1-bromo-1-fluroethane, the order of priorities is Br>F>C>H on the basis of their atomic numbers as 35>9>6>1.

chiral center

2. When priorities are not assigned on the basis of the atomic number of atoms attached directly to chiral center.Thn proceeds away these atoms from chiral center and examine the next sets of atoms for the differences in atomic numbers of attached atoms.

For example:

2-chlorobutanol, in these two carbon atoms, is attached to the chiral center. To identify which carbon atom has a higher priority. Note that the next atoms are H, H, H for the methyl group and H, H, C for the ethyl group. Thus ethyl group has a higher priority because of the greater atomic number of a carbon atom.

chiral center

Enantiomers of 2-chlorobutane are as follow:

chiral center

3. Groups containing multiple bonds are assigned priority if the both atoms are double or triple bonded.If vinyl-group is equivalent to 2-butyl group these are called phanton atoms.Phanton atoms don’t include the hydrogen atoms to complete valenceis.

For example:

In given below compound each carbon of 1 is the mirror image configuration of carbons in 4.

  • The C-2 of 1 is R and C-2 of 4 is S.
  • The C-3 of 1 is S and C-3 of 4 is R.
  • Molecules themselves are mirror images but are non-superimposable.
  • They are enantiomers.
chiral center

Diastereomers:

The second type of stereisomers is diastereomers that are non-superimposable ,non mirror images are called diastereomers.Diastereomers have same molecular formula and sequence of bonded elements having different spatial arrangement of groups and are non-superimposable or non mirror images.Epimers are diastereomers.

The given diagram helps to understand diatereomers.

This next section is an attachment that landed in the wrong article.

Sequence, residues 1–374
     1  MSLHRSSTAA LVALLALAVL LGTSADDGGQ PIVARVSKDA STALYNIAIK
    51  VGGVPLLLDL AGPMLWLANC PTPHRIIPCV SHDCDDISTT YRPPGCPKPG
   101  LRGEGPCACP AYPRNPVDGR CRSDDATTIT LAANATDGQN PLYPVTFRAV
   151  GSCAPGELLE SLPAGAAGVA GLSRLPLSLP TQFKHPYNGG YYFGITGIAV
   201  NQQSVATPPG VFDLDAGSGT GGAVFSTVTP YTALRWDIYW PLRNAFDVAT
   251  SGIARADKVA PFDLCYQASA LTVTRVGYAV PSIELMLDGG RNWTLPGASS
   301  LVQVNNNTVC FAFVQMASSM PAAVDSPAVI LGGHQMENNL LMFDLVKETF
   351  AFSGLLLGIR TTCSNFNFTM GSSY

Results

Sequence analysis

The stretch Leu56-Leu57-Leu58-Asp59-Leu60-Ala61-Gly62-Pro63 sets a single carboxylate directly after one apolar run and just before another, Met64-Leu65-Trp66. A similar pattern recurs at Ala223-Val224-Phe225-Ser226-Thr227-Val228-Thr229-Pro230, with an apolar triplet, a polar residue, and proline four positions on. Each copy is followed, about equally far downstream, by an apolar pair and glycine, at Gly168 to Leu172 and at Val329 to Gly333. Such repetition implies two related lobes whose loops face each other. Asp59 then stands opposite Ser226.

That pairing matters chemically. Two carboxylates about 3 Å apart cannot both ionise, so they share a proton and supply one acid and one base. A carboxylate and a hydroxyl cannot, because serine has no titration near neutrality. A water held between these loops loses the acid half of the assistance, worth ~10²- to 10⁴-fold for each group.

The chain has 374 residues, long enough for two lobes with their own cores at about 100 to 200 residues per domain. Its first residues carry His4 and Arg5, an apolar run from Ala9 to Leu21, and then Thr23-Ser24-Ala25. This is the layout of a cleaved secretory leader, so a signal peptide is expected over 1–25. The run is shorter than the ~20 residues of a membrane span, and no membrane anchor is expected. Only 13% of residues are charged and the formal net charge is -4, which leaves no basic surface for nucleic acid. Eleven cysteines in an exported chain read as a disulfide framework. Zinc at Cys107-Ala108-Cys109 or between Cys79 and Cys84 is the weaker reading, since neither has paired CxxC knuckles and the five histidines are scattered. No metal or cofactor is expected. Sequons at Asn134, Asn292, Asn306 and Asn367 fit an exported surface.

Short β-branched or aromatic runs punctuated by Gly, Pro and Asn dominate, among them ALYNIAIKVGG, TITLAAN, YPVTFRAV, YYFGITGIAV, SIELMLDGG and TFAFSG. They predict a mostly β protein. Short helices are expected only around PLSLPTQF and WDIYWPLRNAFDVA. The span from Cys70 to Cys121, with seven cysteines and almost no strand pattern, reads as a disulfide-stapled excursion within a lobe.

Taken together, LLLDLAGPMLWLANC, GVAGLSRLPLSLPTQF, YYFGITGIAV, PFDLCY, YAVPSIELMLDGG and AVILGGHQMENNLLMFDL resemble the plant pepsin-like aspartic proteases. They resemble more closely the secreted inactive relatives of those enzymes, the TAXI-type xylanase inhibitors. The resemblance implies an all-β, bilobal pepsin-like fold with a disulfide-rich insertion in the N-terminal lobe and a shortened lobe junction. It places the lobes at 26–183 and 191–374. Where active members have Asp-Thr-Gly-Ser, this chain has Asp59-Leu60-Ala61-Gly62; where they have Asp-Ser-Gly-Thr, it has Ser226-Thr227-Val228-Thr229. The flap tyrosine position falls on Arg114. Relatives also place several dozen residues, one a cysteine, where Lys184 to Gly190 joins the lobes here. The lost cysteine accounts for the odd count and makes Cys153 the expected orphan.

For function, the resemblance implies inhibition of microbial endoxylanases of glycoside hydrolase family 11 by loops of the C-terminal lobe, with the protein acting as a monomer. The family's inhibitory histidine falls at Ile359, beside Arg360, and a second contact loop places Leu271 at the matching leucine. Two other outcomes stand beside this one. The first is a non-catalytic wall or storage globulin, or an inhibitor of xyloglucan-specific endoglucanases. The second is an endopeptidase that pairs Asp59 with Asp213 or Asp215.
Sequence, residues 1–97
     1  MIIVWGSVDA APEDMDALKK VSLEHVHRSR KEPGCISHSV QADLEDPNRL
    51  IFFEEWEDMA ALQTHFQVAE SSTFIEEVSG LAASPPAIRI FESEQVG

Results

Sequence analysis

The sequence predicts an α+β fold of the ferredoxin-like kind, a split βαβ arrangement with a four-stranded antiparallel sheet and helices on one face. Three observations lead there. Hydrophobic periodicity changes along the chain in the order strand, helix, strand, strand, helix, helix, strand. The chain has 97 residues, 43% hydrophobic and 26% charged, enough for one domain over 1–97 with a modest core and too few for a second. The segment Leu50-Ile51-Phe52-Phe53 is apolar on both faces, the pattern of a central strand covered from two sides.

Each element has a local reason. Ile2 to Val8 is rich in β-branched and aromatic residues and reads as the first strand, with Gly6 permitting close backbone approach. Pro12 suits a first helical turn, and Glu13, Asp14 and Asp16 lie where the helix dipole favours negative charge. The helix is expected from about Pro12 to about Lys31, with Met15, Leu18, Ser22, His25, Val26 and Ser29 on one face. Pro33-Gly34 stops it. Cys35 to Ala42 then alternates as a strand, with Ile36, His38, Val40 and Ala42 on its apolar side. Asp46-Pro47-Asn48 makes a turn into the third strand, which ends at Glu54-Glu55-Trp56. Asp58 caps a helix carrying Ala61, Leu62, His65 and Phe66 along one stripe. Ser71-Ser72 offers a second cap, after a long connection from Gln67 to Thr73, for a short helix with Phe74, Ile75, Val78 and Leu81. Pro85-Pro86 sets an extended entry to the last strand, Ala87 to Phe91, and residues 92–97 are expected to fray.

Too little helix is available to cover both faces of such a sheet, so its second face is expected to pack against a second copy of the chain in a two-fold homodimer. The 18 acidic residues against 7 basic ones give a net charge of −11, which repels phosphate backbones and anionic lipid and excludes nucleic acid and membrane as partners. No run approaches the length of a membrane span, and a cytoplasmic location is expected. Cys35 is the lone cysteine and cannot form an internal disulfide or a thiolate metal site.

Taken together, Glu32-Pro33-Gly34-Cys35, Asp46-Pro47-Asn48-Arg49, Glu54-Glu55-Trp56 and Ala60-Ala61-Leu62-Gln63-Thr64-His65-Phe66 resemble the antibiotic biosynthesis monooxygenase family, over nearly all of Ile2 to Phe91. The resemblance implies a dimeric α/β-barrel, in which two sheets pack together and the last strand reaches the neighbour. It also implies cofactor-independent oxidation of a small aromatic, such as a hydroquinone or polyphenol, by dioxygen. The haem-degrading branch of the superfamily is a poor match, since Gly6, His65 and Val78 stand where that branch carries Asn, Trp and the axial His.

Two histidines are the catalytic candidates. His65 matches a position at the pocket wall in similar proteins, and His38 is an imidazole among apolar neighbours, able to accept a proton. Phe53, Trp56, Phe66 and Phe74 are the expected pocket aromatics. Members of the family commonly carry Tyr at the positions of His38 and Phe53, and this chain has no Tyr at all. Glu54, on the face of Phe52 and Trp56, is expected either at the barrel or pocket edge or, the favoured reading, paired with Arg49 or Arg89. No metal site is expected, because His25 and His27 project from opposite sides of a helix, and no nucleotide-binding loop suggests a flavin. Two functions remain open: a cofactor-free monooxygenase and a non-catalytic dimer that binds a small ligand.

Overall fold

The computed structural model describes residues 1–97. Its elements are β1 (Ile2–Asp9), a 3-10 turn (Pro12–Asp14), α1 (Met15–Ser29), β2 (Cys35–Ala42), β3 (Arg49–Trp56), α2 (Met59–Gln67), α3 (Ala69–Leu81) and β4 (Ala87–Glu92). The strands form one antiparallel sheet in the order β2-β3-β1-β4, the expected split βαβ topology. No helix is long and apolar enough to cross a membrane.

chiral center

Mesoisomers:

The third type of stereisomers is meso-isomers. This appears when a molecule with several stereogenic center and has internal plane of symmetry. This can happens when two of stereogenic centers are attached to same four different valences.

Compounds that have chiral centers but has a plane of symmetry and superimposable are called meso-isomers.

For example:

2,4-dibromopentane has two stereogenic centers and has four stereoisomers,5-8.In which 6 and 7 are enantiomers and 5 and 6 are diastereomers so on.But in real three stereoisomers are present. A pair of enantiomers and a mes-isomer that is diastereomeric with enantiomeric pair.

chiral center

In the above example 5 and 8 are identical.There are two chiral centers in 5 and 8.And the molecule is achiral because it has an internal mirror plane.It has internal plane of symmetry.Structure 8 is superimposable on 5 by 180° of rotation.Thus it is same compound and these molecules are meso-isomers.

Molecules having no chiral center but are chiral:

There is another type of molecules that are chiral but they don’t have a chiral center. So molecular chirality arises due to presence of a screw axis in the molecule.

For example:

Alkenes and Biphenyls are common example of this type of compounds that are chiral but don’t have any chiral center. They exist as enantiomers.

chiral center

Molecules having more than one stereocenter:

The molecules that have more than one stereocenter there is possibility that they are both enantiomers and diastereomers. To differentiate between diastereomers and enantiomers each of stereocenter is specified or identified.

For example:

If we take the example of aldotetroses that has two stereocenters and has four stereoisomers as given below in the figure.

chiral center



Figure show the four stereoisomers of aldosteroses. Then enantiomeric relation between D and L- threose is specified or identified by 2S, 3R and 2R, 3S configurations. And the enantiomeric relation between D and L -ethyrose is specified by 2R, 3R and 2S, 3S configurations. Since threose and ethyrose are diastereomers.

On the other hand the diastereomeric relation is obvious without specifying the configuration as the different spatial arrangement of -OH groups extending from chain in Fisher-projections. These are non -superimposable and mirror images.

Conclusion:

In this content we discuss all about chirality the stereochemical feature of tetrahedrally bonded compounds. How we configure or identify a chiral center? And also discuss about the compounds having chiral center or not what they have have configuration. And the examples proves that presence of chiral center in a molecule leads to stereoisomers.